Firm Dons 'Black Hats' to Appraise Apps' Security

IDentity Theft 911 looks for weaknesses and vulnerabilities in financial services products.

February 16, 2014

Because one bad app can spoil the whole mobile banking barrel, credit unions need a way to determine mobile apps’ trustworthiness.

That’s a task Deena Coffman, chief information security officer for IDentity Theft 911 and CEO of IDentity Theft 911 Consulting, gladly takes on. Her firm looks for weaknesses and vulnerabilities in apps designed for financial institutions.

“We put on our bad guy hats and ask, ‘what would we do, where would we look, how would we build an insecure app if we were one of them?’ We try to poke holes in the app from their point of view,” Coffman says.

When the company finds bad code, it tells clients what vulnerabilities were found and how to go back to their original coders and fix the problem. “Then we check the corrected version to see if the recoding is secure,” she says.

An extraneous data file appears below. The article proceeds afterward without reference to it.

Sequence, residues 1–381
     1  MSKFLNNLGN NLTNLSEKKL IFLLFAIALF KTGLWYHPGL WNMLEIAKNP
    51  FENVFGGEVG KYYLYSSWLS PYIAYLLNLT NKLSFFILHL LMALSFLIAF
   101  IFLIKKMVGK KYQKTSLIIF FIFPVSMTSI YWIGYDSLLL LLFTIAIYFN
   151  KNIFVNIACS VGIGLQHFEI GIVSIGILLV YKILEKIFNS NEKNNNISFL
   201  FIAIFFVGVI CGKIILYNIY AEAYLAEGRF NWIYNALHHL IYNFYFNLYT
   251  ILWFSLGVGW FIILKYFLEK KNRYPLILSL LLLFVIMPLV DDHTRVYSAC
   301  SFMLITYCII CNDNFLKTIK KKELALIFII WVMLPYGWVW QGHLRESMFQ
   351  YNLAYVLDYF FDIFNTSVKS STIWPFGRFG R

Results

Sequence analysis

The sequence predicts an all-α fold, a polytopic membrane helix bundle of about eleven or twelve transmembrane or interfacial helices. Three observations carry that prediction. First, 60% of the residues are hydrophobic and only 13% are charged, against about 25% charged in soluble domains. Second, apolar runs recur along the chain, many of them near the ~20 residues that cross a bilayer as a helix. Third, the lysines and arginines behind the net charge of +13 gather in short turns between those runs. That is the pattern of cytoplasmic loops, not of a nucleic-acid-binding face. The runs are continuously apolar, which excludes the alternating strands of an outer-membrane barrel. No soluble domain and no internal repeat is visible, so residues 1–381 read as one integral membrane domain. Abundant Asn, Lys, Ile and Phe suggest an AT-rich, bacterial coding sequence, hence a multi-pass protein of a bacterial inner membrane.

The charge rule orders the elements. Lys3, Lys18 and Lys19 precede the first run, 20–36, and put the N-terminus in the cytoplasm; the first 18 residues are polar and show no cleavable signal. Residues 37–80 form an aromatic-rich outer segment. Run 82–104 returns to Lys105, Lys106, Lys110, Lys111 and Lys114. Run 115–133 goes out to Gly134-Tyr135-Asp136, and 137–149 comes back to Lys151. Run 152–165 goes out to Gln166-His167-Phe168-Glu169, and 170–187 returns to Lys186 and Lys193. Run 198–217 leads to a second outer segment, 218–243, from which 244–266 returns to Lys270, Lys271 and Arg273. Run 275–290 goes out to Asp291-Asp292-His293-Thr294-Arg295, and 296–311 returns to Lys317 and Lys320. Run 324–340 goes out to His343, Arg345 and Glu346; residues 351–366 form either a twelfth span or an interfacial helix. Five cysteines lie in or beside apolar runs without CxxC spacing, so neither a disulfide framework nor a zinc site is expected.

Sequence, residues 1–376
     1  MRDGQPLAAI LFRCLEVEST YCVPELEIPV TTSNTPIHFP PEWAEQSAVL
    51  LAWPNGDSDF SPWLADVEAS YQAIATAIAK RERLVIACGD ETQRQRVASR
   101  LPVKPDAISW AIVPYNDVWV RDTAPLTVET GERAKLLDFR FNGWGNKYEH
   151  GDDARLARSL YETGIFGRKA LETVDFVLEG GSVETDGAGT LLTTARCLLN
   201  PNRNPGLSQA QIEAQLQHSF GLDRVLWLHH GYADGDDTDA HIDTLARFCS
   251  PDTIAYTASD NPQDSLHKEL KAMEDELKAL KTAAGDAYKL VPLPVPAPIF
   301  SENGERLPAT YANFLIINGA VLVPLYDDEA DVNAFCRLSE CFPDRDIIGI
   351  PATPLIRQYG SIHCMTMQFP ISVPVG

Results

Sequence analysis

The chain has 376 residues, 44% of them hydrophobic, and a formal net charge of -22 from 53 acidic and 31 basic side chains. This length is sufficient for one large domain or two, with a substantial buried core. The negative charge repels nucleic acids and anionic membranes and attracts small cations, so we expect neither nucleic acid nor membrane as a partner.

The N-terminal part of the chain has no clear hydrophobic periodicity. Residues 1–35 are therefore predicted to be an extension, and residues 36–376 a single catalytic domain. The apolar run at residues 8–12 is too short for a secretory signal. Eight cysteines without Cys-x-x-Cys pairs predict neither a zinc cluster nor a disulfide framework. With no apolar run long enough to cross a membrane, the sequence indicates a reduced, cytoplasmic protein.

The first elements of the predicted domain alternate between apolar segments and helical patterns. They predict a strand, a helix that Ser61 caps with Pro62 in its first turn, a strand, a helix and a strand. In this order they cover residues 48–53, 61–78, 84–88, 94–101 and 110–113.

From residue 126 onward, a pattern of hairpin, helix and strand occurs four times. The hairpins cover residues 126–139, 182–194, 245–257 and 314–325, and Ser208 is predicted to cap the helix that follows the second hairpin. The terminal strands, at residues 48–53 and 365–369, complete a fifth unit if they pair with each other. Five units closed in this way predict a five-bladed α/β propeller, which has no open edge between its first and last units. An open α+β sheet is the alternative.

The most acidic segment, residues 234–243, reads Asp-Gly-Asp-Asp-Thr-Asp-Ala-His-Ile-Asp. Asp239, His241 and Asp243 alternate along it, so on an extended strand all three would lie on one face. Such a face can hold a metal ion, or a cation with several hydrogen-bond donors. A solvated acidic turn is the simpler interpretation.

Coffman says most mobile banking fraud occurs in two areas:

1. Text, which is inherently insecure because it can’t be encrypted. “This is why credit unions, when they set up mobile banking systems, have to consider text-related opportunities for fraud, such as initial validation.”

2. Apps that are not encrypted—typically a result of cutting corners while developing code, Coffman says.

She also warns about free legitimate apps that can be mined by malware.

“Credit unions should offer apps that remind mobile users in clear terms to be careful about how they conduct mobile transactions.”